The book also reveals that a number of people within MI6 and the CIA did not believe that Assad’s regime in Syria was responsible for the Sarin attack in Ghoutta. They believed that the real perpetrators were the al-Nusra Front, backed by Turkey, which hoped to provoke the US into starting a bombing campaign. The US was ready with a fleet of aircraft, which Britain was also set to join, but the operation was cancelled due to the disagreements over responsibility for the atrocity within the US secret services.

The authors also report that Mossad has also been responsible for kidnappings and murders in London, but give no further information.

Newsinger concludes that ‘after reading this book we not only know more than we
did, but also how much more we need to know and unfortunately how much we are likely to never know….’

What is also clear from reading this is not only the extent of the involvement of British prime ministers in covert operations, against left-wingers and trade unionists in Britain and a series of foreign regimes abroad, but also the weakness of parliament in restraining them. British involvement in the bombing of Syria was stopped because of dissension within the American intelligence community, not because of opposition from parliament. As for Heath targeting British trade unionists for surveillance and possible assassination, Newsinger remarks on how this is ‘dynamite’, which should be investigated by the Commons Intelligence Select Committee. There is not the most remote chance of this happening, however, as the Commons Intelligence Select Committee is really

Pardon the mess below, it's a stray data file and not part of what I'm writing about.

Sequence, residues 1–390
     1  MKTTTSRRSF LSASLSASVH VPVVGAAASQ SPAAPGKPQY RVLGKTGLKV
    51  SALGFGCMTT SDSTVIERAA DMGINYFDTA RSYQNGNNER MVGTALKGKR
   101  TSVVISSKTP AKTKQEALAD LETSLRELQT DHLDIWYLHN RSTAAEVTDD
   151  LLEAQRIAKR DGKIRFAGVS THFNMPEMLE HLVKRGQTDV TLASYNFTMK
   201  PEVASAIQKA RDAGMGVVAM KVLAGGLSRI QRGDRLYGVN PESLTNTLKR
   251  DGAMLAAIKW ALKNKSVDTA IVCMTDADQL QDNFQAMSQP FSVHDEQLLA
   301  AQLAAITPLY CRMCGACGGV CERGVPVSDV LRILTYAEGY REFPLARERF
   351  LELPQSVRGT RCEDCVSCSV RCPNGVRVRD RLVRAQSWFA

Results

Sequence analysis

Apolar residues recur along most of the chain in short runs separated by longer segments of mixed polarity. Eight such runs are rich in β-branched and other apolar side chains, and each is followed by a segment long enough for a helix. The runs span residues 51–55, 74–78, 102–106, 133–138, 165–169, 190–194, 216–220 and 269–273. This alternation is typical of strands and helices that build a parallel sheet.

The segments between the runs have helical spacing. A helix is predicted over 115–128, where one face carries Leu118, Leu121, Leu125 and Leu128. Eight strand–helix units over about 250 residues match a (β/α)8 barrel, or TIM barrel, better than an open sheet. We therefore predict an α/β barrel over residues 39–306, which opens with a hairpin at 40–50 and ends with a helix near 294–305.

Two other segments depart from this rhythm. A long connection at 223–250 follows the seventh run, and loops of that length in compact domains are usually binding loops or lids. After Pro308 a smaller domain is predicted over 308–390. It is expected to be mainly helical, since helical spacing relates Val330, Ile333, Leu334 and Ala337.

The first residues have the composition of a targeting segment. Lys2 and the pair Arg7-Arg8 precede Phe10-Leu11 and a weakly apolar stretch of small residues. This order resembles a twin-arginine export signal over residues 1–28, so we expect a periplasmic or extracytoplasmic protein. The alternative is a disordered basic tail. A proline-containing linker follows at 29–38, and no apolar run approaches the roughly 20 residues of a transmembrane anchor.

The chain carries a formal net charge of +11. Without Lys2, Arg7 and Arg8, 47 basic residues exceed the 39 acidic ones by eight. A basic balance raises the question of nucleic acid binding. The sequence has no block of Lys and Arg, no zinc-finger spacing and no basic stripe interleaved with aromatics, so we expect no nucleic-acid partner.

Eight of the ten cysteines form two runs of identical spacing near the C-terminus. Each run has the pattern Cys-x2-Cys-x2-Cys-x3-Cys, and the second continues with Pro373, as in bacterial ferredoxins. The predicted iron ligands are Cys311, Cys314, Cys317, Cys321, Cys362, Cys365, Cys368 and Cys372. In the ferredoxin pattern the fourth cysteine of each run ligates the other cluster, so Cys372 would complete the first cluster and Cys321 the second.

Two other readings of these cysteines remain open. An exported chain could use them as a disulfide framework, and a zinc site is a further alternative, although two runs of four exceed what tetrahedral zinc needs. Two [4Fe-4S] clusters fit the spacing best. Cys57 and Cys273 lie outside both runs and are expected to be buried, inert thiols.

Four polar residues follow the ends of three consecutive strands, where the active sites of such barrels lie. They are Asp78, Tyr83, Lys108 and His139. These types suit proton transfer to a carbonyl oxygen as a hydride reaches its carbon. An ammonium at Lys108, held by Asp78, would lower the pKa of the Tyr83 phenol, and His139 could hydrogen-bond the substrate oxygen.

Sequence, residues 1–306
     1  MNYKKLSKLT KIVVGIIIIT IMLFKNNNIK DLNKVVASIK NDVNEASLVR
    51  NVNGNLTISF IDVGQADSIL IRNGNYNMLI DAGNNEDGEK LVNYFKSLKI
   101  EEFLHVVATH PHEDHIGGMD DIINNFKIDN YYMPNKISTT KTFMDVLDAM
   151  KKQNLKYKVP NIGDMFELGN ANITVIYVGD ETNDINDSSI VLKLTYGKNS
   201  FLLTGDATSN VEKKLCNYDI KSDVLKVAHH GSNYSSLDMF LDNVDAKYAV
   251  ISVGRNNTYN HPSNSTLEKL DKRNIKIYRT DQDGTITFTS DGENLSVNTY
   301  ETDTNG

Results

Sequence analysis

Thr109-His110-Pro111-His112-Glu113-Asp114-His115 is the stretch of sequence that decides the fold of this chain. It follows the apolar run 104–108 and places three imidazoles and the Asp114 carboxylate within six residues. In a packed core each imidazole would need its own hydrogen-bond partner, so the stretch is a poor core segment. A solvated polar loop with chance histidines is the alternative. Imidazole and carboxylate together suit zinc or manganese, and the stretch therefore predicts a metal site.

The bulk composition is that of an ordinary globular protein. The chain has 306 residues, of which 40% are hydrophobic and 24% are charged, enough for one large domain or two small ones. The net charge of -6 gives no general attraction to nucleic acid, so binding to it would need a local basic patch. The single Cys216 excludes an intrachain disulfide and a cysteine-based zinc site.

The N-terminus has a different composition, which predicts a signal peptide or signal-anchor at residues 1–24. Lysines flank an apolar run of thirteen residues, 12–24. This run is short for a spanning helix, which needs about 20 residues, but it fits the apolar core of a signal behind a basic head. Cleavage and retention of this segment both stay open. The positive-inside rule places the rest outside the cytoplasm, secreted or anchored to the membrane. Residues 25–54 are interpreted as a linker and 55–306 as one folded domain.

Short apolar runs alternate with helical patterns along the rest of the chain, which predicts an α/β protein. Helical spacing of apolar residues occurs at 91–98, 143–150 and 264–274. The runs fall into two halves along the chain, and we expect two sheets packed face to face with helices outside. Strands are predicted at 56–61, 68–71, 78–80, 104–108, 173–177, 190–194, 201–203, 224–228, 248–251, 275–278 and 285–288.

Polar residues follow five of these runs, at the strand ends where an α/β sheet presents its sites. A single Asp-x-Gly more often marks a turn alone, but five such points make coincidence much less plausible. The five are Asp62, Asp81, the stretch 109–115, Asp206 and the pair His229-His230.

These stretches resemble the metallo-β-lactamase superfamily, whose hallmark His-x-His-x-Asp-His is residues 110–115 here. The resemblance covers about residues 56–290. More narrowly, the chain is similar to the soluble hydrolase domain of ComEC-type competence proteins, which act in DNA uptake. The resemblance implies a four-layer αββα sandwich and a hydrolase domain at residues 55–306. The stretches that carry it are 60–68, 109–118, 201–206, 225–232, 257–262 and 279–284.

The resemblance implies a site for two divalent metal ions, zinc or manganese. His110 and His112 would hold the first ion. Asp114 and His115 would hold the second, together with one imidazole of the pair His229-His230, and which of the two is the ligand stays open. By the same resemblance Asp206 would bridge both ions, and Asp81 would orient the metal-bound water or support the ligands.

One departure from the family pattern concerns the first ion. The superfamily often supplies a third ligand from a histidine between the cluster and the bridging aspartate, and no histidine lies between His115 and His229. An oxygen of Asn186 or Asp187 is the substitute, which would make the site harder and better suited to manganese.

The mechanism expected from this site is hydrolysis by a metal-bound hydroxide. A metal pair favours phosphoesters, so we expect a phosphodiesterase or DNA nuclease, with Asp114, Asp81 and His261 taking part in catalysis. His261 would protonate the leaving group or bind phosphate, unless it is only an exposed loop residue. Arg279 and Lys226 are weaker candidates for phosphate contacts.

just a parliamentary spittoon into which the intelligence agencies occasionally feel obliged to gob.

Lobster’s entire raison d’etre is the belief that western, and particularly the British intelligence services are out of control and responsible for immense crimes that otherwise go undocumented and unpunished. Newsinger’s review of this book and its potentially explosive contents bear out this belief. It also hints by its omissions that there is more buried yet deeper, which may never be brought to light.

The article’s at: http://www.lobster-magazine.co.uk/free/lobster72/lob72-black-door.pdf

The Skwawkbox: Racist Times Cartoon attacking Jeremy Corbyn

October 1, 2016

This is yet another story about racism, though this time it’s about the deeply entrenched racism of the Murdoch press, and how they’re now trying to play it against Jeremy Corbyn.